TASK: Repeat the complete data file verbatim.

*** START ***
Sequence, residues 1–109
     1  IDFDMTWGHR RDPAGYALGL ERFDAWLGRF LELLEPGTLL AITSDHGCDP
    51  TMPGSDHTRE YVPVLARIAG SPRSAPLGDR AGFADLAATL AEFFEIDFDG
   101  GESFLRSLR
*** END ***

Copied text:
Sequence, residues 1–109
     1  IDFDMTWGHR RDPAGYALGL ERFDAWLGRF LELLEPGTLL AITSDHGCDP
    51  TMPGSDHTRE YVPVLARIAG SPRSAPLGDR AGFADLAATL AEFFEIDFDG
   101  GESFLRSLR